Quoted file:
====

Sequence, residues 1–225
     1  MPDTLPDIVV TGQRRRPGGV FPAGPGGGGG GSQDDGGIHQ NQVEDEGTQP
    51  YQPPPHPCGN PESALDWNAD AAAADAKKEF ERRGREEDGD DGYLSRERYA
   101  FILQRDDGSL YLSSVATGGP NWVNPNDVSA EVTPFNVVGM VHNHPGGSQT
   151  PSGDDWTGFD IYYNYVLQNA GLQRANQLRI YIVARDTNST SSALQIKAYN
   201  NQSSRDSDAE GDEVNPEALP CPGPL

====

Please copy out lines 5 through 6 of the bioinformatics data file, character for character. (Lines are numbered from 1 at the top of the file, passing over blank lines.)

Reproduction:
   151  PSGDDWTGFD IYYNYVLQNA GLQRANQLRI YIVARDTNST SSALQIKAYN
   201  NQSSRDSDAE GDEVNPEALP CPGPL